Baddour said Davis continues to have ‘‘my complete support’’ in resolving the issues, including better monitoring of players’ activities, offseason travel and associations. He also said the school could hear rulings on more players later this week.
‘‘I feel very strong about our compliance staff, about our compliance program,’’ Baddour said. ‘‘I feel very strong about this football program, as I do the other programs that we have. I think we’re in good stead. I’m going to fight the institutional control issues because of what we had in place and because of the way we’re handling it.’’
In a one-paragraph statement announcing Austin’s dismissal, the school said the decision involved violations of rules for agent benefits, preferential treatment and ethical conduct as the NCAA cited with Quinn and Little.
Christopher Lyons, Austin’s Miami-based attorney, called it was ‘‘a very difficult day’’ for Austin. He also released a statement from his client apologizing for his actions and thanking those who supported him through the investigation.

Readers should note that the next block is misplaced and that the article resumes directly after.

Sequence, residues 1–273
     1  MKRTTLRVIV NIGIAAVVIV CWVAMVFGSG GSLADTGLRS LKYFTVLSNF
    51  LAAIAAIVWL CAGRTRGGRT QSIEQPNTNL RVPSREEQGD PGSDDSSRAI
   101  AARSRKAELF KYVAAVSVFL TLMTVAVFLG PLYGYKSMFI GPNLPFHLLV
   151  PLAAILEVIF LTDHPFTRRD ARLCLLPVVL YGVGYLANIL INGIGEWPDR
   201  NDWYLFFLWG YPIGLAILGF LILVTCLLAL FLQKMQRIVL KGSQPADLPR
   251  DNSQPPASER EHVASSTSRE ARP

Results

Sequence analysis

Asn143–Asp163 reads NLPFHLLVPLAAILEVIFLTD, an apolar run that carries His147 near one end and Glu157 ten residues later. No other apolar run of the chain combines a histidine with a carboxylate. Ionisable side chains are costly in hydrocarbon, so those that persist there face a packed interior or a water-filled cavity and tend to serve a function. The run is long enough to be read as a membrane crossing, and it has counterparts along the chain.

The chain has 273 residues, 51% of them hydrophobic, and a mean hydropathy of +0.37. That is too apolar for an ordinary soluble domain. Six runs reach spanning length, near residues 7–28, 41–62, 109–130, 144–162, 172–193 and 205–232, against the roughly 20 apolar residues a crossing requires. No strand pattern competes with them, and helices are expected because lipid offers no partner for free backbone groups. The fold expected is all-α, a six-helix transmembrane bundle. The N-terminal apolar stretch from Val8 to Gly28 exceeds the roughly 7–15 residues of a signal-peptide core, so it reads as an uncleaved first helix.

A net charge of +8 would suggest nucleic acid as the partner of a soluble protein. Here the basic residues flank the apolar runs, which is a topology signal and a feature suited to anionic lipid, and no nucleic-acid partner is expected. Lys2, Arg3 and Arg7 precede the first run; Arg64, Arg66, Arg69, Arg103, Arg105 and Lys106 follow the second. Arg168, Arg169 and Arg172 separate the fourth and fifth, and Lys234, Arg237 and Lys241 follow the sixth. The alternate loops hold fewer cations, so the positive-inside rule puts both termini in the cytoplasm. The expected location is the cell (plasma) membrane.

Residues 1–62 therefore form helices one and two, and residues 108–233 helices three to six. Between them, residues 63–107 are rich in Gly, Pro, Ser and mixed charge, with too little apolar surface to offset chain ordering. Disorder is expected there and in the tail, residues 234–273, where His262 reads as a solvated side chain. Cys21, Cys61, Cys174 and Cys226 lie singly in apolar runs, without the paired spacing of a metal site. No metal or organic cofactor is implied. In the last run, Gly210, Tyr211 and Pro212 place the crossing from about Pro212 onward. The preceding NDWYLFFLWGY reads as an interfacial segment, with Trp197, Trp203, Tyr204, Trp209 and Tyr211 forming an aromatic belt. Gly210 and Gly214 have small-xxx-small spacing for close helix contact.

‘‘I want to apologize to the NCAA and the entire North Carolina Tar Heel community including my teammates, coaches, students and fans,’’ Austin said. ‘‘I have let you all down and I am truly sorry.
‘‘I deeply regret my actions and the embarrassment I brought to the university and to the football program. I will pay a severe price for my poor decisions by not being able to play my entire senior season.’’
Butch Williams, a Durham-based attorney representing Little, said they were ‘‘reviewing all of the information and the penalty to determine whether he will appeal.’’
The NCAA said Quinn, a defensive end widely regarded as a high first-round NFL draft pick, accepted two black diamond watches, a pair of matching earrings and travel accommodations to Miami for benefits worth $5,642. Little, a receiver who returned for his senior season, accepted diamond earrings, as well as travel accommodations for the Bahamas, Washington, D.C., and a pair of trips to Miami for benefits worth $4,952.